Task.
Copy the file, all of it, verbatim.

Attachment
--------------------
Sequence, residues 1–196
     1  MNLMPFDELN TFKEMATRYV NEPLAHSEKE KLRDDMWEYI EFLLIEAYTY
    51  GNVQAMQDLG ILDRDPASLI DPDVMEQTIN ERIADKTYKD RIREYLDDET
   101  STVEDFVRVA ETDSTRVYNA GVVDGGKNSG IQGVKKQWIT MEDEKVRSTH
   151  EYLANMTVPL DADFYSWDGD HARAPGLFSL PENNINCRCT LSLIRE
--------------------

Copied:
Sequence, residues 1–196
     1  MNLMPFDELN TFKEMATRYV NEPLAHSEKE KLRDDMWEYI EFLLIEAYTY
    51  GNVQAMQDLG ILDRDPASLI DPDVMEQTIN ERIADKTYKD RIREYLDDET
   101  STVEDFVRVA ETDSTRVYNA GVVDGGKNSG IQGVKKQWIT MEDEKVRSTH
   151  EYLANMTVPL DADFYSWDGD HARAPGLFSL PENNINCRCT LSLIRE